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A Case Study on the Problems and Suggestions in Foreign Language

Teaching and Learning at Higher Education


1 2

Menderes Unal , Elif Ilhan


1

School of Education, Ahi Evran University, Kirsehir, Turkey


2

School of Foreign Languages, Ahi Evran University, Kirsehir, Turkey


Correspondence: Menderes Unal, School of Education, Ahi Evran University, Kirsehir, Turkey, Terme Srt. 40100,
Turkey.

Received: March 27, 2017 Accepted: April 24, 2017 Online Published: April 27, 2017
doi:10.11114/jets.v5i6.2302 URL: https://doi.org/10.11114/jets.v5i6.2302

Abstract
This study explores and identifies some reasons for the problems of foreign language learning (English) and teaching
from the perspective of instructors and learners using the case study model. The data of the study was gathered by a
semi-structured interview form, and the study group of the research was composed of English language instructors and
graduate students at Ahi Evran University. Random sampling method was used to determine 15 instructors and 20
graduate students to face-to-face interview, and the data of the study was analysed by content analysis method, which
the students and instructors agreed on students who have been problematic in language learning process. In addition to
students, examination systems, instructional programs, language teachers’ qualifications and learning environments
have been considered as barriers to language learning. On the other hand, students and instructors suggested starting
learning/teaching English earlier, much more practice and exams on all four skills; elective courses; more practice and
communication; revisions in teacher training system, considering individual differences; motivating and encouraging
students; and designing well equipped language environment and teaching materials.
Keywords: higher education, problems and solutions, foreign language, teaching, learning
1. Introduction
Educational systems have the responsibility to train individuals to actively participate in political, economic and social
relations. For active participation, one of the needs of individuals, because it is not their first language, is to develop
skills in listening, speaking, reading and writing in foreign languages, especially in English accepted as lingua franca, so
they can communicate, make projects, gather data, and make businesses in international platforms. Since it is
impossible to be an active participant of global life without proficiency in English, English is regarded as not a foreign
language to be learnt, but as an important qualification everyone should obtain (Wolff, 2003).
The importance of getting proficiency in English has been emphasized in numerous academic papers and reports around
the world. Society and governments have also made efforts and investments devoted to improving skills in English, but
there are various difficulties, challenges and on-going problems preventing them to develop solutions to produce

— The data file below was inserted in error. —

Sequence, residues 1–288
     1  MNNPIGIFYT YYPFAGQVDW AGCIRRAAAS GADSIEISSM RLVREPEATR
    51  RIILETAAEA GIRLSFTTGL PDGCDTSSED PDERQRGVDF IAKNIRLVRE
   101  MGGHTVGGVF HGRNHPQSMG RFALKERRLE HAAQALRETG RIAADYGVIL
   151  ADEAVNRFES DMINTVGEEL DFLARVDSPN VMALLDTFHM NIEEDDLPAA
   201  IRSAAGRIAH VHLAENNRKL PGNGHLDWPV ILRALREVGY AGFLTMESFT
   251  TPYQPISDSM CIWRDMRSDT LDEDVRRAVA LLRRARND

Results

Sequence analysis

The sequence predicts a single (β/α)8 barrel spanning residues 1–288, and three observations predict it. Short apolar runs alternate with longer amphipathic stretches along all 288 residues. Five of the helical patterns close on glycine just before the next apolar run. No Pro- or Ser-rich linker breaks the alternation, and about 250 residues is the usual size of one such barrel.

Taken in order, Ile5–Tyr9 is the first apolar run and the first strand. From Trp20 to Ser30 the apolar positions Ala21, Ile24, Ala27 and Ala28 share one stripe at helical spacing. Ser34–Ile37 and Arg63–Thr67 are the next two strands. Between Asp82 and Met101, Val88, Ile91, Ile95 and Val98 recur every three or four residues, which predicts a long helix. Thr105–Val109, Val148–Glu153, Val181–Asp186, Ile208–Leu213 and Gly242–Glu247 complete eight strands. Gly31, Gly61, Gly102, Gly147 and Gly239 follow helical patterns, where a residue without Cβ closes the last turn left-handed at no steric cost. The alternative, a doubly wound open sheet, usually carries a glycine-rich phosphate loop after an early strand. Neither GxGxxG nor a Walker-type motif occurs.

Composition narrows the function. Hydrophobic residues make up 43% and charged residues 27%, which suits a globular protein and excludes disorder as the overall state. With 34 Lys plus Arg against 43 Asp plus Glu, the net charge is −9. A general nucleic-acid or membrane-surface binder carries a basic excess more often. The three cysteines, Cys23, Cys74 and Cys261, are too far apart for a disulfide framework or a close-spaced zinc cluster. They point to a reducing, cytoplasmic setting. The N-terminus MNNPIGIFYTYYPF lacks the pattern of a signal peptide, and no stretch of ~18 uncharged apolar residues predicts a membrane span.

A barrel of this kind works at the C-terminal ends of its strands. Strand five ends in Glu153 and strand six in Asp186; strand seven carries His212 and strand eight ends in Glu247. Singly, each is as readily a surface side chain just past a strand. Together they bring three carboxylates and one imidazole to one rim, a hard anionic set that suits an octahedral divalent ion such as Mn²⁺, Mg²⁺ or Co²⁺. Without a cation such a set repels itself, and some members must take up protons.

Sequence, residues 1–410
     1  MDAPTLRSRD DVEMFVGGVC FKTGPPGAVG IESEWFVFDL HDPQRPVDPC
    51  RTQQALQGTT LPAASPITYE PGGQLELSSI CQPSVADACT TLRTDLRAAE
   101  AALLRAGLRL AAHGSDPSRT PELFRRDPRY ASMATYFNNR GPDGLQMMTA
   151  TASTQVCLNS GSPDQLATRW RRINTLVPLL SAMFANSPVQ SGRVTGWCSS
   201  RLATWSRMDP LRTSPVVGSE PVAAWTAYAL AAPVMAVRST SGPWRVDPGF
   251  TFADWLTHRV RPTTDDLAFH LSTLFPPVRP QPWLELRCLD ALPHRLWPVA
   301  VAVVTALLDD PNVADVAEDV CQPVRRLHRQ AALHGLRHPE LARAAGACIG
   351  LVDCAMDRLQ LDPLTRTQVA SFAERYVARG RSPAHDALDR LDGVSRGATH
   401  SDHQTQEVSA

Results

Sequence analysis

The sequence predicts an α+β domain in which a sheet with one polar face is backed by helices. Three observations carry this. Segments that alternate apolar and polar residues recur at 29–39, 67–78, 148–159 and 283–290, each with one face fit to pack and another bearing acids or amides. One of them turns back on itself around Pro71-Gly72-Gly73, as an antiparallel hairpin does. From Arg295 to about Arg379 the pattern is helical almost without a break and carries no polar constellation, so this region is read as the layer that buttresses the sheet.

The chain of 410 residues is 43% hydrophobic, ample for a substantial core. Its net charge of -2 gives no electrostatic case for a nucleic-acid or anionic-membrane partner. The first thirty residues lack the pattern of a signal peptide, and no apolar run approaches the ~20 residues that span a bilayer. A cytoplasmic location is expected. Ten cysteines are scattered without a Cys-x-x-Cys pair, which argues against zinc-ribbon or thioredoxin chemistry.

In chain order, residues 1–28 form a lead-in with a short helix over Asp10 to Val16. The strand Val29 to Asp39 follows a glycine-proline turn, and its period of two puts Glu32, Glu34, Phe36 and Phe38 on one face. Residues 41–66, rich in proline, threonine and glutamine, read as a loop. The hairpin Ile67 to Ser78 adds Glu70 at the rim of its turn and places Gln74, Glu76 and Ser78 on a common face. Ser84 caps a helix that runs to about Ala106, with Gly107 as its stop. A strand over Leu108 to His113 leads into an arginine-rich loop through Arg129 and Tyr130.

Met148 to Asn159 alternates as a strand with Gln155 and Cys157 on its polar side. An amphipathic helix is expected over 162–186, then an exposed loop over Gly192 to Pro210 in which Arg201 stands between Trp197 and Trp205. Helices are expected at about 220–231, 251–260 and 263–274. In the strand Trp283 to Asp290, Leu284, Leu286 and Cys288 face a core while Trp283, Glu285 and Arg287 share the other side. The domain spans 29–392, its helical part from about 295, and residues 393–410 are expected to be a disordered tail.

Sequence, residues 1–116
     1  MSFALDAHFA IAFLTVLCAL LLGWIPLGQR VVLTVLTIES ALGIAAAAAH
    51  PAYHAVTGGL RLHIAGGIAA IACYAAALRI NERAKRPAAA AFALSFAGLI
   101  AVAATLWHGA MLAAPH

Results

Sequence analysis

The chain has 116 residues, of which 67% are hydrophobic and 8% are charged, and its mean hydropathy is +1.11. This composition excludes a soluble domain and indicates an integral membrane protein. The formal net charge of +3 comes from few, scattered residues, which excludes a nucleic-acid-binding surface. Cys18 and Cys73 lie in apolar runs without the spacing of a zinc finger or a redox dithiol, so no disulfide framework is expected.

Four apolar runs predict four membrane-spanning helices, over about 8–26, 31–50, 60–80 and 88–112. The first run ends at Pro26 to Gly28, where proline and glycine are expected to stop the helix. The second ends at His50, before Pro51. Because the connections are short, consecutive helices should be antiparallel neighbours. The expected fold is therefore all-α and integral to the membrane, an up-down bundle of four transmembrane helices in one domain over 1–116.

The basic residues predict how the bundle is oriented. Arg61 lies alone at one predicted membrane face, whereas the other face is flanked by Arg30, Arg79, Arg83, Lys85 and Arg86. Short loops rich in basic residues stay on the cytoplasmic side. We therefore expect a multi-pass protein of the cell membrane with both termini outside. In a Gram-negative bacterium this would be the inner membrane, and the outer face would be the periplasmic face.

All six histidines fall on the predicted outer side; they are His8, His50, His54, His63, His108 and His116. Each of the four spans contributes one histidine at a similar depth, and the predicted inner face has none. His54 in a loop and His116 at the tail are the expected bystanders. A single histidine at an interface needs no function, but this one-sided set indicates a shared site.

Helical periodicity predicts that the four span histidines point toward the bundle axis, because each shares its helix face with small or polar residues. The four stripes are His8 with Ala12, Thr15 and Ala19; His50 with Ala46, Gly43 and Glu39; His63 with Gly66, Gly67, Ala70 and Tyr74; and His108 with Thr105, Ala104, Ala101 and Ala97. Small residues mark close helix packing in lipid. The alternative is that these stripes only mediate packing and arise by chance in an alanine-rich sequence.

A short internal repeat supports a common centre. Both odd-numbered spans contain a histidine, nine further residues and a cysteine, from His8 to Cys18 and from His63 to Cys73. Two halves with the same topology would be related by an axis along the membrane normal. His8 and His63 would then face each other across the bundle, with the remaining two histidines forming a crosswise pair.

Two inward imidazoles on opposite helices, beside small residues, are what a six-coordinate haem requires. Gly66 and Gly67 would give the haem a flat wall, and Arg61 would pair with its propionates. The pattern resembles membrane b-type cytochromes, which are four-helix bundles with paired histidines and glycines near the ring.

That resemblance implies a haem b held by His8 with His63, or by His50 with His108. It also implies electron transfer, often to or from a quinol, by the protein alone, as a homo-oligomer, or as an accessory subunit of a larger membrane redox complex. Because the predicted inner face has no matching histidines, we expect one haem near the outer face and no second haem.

outcomes that do not meet expectations.
Teaching/learning English as a foreign language is a challenging task in developing countries in general and particularly
in Turkey. To fulfill that task in the Turkish education system, compulsory English courses have been introduced
beginning from the second grade of primary education, which was described by Johnstone (2009) as “possibly the
world’s biggest widespread introduction of languages in primary schools has gest policy development in education” and
continuing till the end of higher education.
Students taking English courses, especially in state schools, for such a long time are not gaining the necessary skills at
the targeted levels in reading, listening, writing and speaking (Oktay, 2015). It is a common belief that our education
system is not successful in teaching English (Tosun, 2012). That belief has been corroborated by the results of several
academic papers (Aktas, 2005; Bayraktaroglu, 2012; Enginarlar, 2003; Darancık, 2008; Gunes, 2011; Hamamcı, 2013;
Isık, 2008; Kocaman, 1983; Koru and Akesson, 2011; Oguz, 1999; Paker, 2007; Sahin, 2009; TEPAV, 2014; Tilfarlıoglu
and Ozturk, 2007; YOK, 2007). The problem indicated in the above-cited studies can be categorized into four groups,
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Vol. 5, No. 6; June 2017
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namely, problems about the education system, about the educational process, about teachers and about learners in that
study.
1.1 Problems about Education System
Teaching English is always a challenging task and that task requires nationwide efforts; thus, it is vital to have a
national system of foreign language teaching (Oktay, 2015), which requires a scientific plan. Despite the important
developments in educational systems such as increasing the number of English courses, starting English courses at
earlier grades, they hardly produce the expected results if there is a lack of scientific planning, as Isık (2008) stated for
the Turkish educational system.
Another important drawback to completing that task is student achievement testing system, which is a significant step to
get promoted in higher education context. Because of that testing system, although there are some steps taken in terms
of government policies that typically advocate teaching communicatively (Li, 1998), they are often incompatible with
real expectations and practices in the learning environment, which often focuses on grammar and vocabulary. On the
one hand, as Kunnan (2005) noted, there is a tendency to “‘teach to the test’ with less time devoted to activities that are